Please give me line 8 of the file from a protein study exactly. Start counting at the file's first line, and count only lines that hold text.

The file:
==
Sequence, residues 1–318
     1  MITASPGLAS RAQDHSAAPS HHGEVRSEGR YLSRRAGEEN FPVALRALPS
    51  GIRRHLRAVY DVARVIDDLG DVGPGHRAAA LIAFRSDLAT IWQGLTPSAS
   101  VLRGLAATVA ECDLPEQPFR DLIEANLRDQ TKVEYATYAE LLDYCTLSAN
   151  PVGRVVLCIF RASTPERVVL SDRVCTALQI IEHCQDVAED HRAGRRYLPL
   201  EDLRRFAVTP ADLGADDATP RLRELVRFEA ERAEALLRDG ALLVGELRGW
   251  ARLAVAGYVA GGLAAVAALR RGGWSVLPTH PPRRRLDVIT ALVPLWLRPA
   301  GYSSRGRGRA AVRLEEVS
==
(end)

   301  GYSSRGRGRA AVRLEEVS